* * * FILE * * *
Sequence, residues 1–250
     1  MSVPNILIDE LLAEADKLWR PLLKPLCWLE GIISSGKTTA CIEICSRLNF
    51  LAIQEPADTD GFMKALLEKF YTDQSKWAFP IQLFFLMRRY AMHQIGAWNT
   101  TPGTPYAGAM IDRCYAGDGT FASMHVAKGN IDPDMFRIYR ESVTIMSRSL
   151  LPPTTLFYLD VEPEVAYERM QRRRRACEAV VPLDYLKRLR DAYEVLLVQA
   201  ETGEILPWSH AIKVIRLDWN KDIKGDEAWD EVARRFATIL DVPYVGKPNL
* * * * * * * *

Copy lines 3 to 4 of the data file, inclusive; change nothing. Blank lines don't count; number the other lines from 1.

    51  LAIQEPADTD GFMKALLEKF YTDQSKWAFP IQLFFLMRRY AMHQIGAWNT
   101  TPGTPYAGAM IDRCYAGDGT FASMHVAKGN IDPDMFRIYR ESVTIMSRSL